Fmulder dug up an interesting article from the Korea Times, about the apparent problems Diablo III is going to have getting cleared by that company’s Game Ratings Board. Games can not be sold in Korea without a rating, and another recent title was denied due to a similar real money item selling system.
Thankfully we don’t need translation, since the article is in English.
When does video gaming become gambling? To critics, it is the moment players start spending real money. Blizzard Entertainment, one of the world’s leading video game companies, plans to introduce a real-currency marketplace in Diablo III, the much-awaited second sequel to the megahit series of the same name. In a country where young people play games for hours in “PC bang” or Internet cafes, the prospect of a government approving such a trading platform seems out of the question to many.
…The issue of gambling, illegal for Korean nationals, is a sensitive one, especially after a 2005-06 nationwide scandal over the Sea Story game machines that first passed the regulatory body inspection but were removed after the police discovered excessively speculative and addictive behavior among the players. Due to this controversy, the watchdog and approval committee was created in the Game Rating Board.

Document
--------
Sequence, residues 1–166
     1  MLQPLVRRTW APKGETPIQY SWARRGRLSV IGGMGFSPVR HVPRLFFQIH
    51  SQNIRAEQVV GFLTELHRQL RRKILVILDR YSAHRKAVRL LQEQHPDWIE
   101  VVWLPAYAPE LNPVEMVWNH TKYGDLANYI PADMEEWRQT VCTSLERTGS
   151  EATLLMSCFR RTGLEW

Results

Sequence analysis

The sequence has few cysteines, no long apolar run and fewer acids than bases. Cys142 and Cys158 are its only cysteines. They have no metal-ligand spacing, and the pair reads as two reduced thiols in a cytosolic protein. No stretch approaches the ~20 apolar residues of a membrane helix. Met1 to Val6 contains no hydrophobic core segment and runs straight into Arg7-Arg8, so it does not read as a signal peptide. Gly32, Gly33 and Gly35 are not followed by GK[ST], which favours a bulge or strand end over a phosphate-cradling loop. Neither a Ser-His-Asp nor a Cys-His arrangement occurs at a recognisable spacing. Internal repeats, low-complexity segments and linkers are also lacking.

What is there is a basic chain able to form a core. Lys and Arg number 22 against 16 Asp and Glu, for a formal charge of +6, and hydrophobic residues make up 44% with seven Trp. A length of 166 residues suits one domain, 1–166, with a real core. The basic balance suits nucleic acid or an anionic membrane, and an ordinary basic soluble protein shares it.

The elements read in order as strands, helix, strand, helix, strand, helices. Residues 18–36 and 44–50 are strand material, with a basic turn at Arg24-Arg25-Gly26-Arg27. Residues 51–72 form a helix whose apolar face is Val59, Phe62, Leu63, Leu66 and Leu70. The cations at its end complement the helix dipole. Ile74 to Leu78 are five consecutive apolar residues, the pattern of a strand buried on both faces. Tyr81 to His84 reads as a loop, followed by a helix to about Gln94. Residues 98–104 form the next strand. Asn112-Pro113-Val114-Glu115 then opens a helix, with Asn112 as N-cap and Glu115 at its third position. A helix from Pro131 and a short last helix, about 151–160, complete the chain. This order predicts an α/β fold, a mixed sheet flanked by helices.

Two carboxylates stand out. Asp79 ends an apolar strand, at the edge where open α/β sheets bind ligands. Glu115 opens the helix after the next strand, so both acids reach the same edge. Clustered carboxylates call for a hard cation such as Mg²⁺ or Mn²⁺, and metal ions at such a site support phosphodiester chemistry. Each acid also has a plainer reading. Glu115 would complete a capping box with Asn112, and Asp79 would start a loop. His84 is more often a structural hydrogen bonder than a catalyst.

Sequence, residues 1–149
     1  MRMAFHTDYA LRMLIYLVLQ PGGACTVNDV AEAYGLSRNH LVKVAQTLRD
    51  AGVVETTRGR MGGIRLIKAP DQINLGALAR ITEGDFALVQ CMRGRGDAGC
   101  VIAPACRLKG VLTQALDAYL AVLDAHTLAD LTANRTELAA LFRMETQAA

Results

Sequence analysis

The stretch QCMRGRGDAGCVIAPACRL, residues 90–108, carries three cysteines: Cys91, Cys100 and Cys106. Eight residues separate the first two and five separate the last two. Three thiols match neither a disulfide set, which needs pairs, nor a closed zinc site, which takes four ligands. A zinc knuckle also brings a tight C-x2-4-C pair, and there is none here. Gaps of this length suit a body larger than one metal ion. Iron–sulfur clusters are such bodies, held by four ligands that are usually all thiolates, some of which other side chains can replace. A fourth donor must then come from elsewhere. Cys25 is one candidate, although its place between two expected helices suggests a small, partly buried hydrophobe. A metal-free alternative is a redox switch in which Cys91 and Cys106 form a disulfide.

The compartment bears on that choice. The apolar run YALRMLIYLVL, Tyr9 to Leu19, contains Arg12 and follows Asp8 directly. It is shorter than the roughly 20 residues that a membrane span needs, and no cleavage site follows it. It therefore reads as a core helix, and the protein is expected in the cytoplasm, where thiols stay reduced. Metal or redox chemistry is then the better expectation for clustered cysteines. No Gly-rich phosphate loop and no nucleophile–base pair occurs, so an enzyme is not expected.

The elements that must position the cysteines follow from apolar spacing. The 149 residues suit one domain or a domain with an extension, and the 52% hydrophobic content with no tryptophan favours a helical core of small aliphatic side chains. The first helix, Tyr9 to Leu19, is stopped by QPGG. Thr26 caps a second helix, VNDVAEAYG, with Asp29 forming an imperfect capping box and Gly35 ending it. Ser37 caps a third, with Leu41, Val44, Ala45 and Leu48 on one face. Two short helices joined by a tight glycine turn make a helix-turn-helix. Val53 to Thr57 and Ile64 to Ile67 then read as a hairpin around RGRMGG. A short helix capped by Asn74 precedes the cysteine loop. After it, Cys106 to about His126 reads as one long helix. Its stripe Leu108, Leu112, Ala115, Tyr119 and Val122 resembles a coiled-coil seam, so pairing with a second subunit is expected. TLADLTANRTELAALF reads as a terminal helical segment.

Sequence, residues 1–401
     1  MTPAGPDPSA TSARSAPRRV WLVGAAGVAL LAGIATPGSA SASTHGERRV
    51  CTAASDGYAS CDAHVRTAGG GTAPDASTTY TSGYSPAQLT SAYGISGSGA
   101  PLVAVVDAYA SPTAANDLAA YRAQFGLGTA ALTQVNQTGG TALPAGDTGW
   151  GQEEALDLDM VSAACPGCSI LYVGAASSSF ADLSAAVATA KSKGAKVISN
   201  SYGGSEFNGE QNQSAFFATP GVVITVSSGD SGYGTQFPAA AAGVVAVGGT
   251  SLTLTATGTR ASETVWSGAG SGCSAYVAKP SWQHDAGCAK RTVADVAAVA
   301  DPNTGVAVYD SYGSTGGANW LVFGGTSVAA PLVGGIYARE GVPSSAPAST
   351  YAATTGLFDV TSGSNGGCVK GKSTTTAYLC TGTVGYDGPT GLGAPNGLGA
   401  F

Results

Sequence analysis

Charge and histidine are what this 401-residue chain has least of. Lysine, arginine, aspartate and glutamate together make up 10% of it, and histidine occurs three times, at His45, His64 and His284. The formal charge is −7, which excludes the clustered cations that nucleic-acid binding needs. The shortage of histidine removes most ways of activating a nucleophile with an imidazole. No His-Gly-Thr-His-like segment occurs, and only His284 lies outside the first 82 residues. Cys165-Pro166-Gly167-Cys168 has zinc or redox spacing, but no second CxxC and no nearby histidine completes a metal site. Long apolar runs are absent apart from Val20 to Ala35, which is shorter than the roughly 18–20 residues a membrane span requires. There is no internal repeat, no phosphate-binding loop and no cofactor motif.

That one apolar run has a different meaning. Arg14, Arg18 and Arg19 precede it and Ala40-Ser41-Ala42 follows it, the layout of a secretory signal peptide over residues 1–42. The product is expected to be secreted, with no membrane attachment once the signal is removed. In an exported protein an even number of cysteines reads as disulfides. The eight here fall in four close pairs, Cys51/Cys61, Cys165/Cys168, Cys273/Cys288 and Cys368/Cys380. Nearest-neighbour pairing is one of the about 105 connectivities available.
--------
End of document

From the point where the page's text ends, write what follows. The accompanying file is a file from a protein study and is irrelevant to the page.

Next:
…The country’s attitude toward gaming involving cash transactions has irked Blizzard’s local staff who are reluctant to deal with the controversy expected with the introduction of the auction house but are forced by headquarters to launch the feature, an industry source familiar with the matter said.
…“We’ve heard speculation comparing item trading to some form of gambling, but in gambling you’re putting something at risk to win,” said Morhaime. “Items” are won by individual players during the game when they complete a mission. Critics say they come through a randomized selection process, which is based on uncertainty like a card game, but Blizzard says it is a product of the player’s efforts. “(In Diablo III), you’re not risking anything. You’re just investing your time (to win items to sell). It is an important distinction.”
This issue came up during recent podcastsand , and in both instances no one took the “finding a good item you can sell for $ = gambling” argument seriously. As Morhaime said in the quote, a key element of gambling is that you’re risking something for a potential payoff. Unless someone can argue that your purchase price (or hourly fees, in Korean baangs), or the time you spend finding items = paying to gamble, and that’s a pretty tenuous argument.
Obviously the Korean game rating board might feel differently, and you have to wonder how that will impact Blizzard’s profit projections in that market, if they have to strip out the RMAH in Korea. Also, might this set a precedent for other countries less accommodating to online gambling-like activities?